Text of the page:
Court Rejects Injunction Against Redeemed Christian Church Of God, Over Disputed Land

Court Rejects Injunction Against Redeemed Christian Church Of God, Over Disputed Land

The claimants, who are five members of a family – Olowo-Olisa of Ewu-Odofin Village, Sagamu Local Government Area – had requested for the injunction to restrain the church from using the parcel of land measuring 31.353 hectares.

Court Rejects Injunction Against Redeemed Christian Church Of God, Over Disputed Land

The family had sued the church and its General Overseer, Pastor Enoch Adeboye, accusing them of trespassing.

Justice E. O. Osinuga, in refusing the application on Tuesday, held in a ruling that “balance of convenience” was in favour of the church.

She said, “From the pleadings before the court, it is obvious that there are serious issues to be tried.

“However, the court observes that balance of convenience tilts more on the side of the defendants, having regard to the fact that the defendants have the wherewithal to compensate and or pay the claimants/applicants for damages should it be found at the trial that the defendants are in fact, trespassers to claimants’ land.”

The court also held that the family also failed to state in their affidavits if they had sufferred any damages.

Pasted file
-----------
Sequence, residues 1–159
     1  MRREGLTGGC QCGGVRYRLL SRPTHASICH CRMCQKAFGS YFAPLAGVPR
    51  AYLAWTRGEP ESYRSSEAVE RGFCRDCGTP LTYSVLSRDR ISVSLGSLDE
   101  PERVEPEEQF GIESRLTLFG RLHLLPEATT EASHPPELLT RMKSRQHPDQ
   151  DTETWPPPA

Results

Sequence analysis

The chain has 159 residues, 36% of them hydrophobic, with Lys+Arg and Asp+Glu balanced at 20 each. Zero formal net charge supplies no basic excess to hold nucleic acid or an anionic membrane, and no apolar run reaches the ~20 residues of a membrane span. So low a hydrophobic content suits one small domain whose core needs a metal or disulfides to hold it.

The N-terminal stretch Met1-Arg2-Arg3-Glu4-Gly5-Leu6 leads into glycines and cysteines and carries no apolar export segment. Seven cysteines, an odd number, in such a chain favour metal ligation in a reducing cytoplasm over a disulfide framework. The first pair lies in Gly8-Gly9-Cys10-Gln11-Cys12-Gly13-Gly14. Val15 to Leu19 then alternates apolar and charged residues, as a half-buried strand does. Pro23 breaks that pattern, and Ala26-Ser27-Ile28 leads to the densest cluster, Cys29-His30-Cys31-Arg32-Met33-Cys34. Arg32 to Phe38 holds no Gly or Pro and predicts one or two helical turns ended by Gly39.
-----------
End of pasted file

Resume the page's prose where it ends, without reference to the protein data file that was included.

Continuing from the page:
Osinuga said, “The claimants did not state in their affidavits in support that they have suffered any damages.

“However, it is the view of the court that having regard to paragraph 25 of the claimants’ amended statement of claim, damages will be enough to compensate them for any damages suffered.”

Five persons – Chief Adeboye Jayesinmi, Alhaji Jamiu Ayodeji, Chief Jinadu Obisola, Chief Adebonpe Oduntan and Ganiyu Ayodeji – had filed the suit on behalf of the family.

The disputed land forms part of the rear fringes of the Redemption Camp.

Counsel for the family, Mr. Yemi Omodele, had asked the court to restrain the defendants “from further trespassing or bringing in caterpillars and tractors with a view to bulldozing the land or constructing any building(s) on the claimants’ pieces of land” pending the determination of the suit.

Omodele also urged the court to restrain the defendants or their agents “from holding meetings, programmes, seminars” and “from harassing, intimidating, chasing or attempting to forcefully take over” the land while the suit is pending.

One of the plaintiffs, Ayodeji, in an affidavit stated, “The pieces of land, the subject of this suit are free from government acquisition. No part of the land was sold by members of my family to either the defendants or any other persons whatsoever.”

However, a pastor of the church, Akindele Babawande, in a counter-affidavit, said the church is the genuine owner of the land, insisting that the claimants’ intention was to “disturb the defendants from continuing possessing the land validly bought by them.”

He stated that on June 15, 2012, the defendants, through their agents, held a “vigil” on the land praying for the death of those who would stop them from occupying the land.

Ayodeji added that on June 22 and 23, 2012, the agents of the defendants “invaded” the land “with different set of persons and work implements, caterpillars and a host of others thereby destroying economic trees and even threatened to demolish my family ancestral homes, despite the pending suit.”

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